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  1. #21
    Join Date
    Jan 2005
    Location
    Hamilton, Alabama
    Posts
    1,191

    Post

    I read through this book and surprisingly enough, didn't find that much to get excited about. The basis of his method is non-grafting, using large quantities of bees to start and finish the cells, and feeding of honey rather than sugar syrup.

    What I would add today is use of collected pollen to enhance the nutritional status of the starters and finishers.

    It is a very good book to read but there are other queen breeding books that should be considered.

    The small scale queen breeder will have difficulty adapting some of the methods because they are set up for raising large numbers of queens.

    Fusion

  2. #22
    Join Date
    Jul 2004
    Location
    Seattle, Washington State
    Posts
    4,417

    Post

    Looks like, and I have only gottan through about half the book, that he is suggesting using the "punching" method of queen rearing were you cut up some cells and place them on a frame with no grafting.
    Chef Isaac..Culinary Arts and Honey are a sweet mix! http://www.sweetascanbeehoneyfarm.com & http://www.adoptahive.info

  3. #23
    Join Date
    Nov 2004
    Location
    Cooperstown,N.Y.
    Posts
    474

    Post

    Yes,I think George said it best,we get further and further in your debt.

    I am trying to understand the wood frames...?

    Also,was Mr. Smith using hives with frames that ran the "warm" way? That is the only way I can see to create a front and rear compartment?

    Mr.Smith's enthusiasm IS contagious,isn't it?

    Thanks again Mr. Bee

  4. #24
    Join Date
    Aug 2002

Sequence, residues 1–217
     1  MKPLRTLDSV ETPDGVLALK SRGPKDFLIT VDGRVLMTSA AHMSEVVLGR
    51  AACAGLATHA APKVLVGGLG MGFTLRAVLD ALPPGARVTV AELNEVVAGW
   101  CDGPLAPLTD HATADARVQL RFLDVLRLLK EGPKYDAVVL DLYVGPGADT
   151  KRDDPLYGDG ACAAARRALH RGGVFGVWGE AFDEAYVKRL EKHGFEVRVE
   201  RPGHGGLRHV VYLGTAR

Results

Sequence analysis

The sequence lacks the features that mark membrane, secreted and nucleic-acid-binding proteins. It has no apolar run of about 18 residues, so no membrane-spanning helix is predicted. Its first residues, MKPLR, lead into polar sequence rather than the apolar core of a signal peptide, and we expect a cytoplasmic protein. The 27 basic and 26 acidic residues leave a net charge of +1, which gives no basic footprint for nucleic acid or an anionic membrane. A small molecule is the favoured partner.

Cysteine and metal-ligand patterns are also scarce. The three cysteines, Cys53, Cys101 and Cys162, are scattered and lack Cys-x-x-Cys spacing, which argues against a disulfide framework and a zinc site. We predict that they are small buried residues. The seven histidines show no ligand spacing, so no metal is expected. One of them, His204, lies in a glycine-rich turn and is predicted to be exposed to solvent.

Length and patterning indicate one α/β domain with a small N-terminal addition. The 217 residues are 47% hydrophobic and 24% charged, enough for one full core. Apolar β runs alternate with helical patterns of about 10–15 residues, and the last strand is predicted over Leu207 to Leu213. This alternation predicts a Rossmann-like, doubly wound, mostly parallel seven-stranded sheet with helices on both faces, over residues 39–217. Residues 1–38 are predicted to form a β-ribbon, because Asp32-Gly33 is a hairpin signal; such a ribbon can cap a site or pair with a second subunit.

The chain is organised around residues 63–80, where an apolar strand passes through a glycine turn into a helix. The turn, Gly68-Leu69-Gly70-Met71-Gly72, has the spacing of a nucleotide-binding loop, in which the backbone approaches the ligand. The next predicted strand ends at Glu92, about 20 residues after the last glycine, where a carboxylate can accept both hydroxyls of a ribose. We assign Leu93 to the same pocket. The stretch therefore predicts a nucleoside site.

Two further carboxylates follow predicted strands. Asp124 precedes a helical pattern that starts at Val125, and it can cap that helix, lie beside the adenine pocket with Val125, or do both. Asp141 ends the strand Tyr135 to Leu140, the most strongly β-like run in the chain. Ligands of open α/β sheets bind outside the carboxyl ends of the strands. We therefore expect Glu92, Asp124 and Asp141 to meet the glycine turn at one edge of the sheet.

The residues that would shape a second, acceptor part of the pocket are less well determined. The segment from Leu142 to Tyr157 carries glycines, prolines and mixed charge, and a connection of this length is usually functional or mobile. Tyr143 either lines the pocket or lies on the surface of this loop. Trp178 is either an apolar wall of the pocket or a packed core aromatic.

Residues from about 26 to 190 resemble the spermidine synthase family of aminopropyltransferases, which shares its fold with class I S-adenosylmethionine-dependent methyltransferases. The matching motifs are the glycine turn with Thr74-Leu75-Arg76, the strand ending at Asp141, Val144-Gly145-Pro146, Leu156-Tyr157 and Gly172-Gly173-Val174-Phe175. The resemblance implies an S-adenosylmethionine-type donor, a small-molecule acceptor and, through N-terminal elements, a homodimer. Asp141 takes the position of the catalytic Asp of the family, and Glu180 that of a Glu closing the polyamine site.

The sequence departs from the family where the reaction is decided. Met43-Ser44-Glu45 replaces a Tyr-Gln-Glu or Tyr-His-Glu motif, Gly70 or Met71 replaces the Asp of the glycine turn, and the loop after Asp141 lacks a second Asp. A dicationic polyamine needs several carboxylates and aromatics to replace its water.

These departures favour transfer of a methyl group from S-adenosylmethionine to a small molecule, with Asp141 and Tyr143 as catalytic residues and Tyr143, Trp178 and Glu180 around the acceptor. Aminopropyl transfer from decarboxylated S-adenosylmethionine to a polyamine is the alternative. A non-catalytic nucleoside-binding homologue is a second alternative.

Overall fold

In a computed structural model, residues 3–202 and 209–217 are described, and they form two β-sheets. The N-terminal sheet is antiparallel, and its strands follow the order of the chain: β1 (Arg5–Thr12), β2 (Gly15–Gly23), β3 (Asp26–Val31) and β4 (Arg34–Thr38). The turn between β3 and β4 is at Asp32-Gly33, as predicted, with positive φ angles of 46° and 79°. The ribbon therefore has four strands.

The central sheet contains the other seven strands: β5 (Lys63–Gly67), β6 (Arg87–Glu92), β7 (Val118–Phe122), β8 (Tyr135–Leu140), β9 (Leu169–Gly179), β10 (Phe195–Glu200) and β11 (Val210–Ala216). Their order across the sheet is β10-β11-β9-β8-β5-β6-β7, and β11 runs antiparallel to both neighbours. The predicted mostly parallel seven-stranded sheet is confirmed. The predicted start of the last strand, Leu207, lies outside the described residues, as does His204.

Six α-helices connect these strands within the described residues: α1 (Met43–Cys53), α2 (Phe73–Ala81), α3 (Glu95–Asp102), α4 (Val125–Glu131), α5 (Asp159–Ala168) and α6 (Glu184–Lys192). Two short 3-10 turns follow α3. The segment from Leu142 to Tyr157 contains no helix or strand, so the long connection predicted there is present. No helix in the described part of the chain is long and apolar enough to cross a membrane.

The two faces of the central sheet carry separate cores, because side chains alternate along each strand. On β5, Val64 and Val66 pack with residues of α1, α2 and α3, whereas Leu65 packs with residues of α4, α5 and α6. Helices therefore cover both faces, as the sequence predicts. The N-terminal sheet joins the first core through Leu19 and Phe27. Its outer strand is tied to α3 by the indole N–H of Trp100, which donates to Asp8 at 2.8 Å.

Location
    Nehawka, Nebraska USA
    Posts
    43,492

    Post

    >I read through this book and surprisingly enough, didn't find that much to get excited about. The basis of his method is non-grafting, using large quantities of bees to start and finish the cells, and feeding of honey rather than sugar syrup.

    His goal is the "best possible queens". His previous book, "Queen Rearing Simplified", which I hope someday to put online as well, was for many years "the" book on grafting. If you want to make a lot of good queens, it's a good book

    >It is a very good book to read but there are other queen breeding books that should be considered.

    Most of which are variations on his methods in "Queen Rearing Simplified".

    >The small scale queen breeder will have difficulty adapting some of the methods because they are set up for raising large numbers of queens.

    True, he doesn't really talk about the little breeder until the end, but you can still do graftless queen rearing with a scaled down version of his system.

    >Looks like, and I have only gottan through about half the book, that he is suggesting using the "punching" method of queen rearing were you cut up some cells and place them on a frame with no grafting.

    Sort of. But he's cutting STRIPS out not, puching one cell.

    >I am trying to understand the wood frames...?

    He's trying to limit where the queen has to lay so she will lay in the new comb he gives her every day, and not find some other nice place to lay, while at the same time giving her and the bees some room.

    >Also,was Mr. Smith using hives with frames that ran the "warm" way? That is the only way I can see to create a front and rear compartment?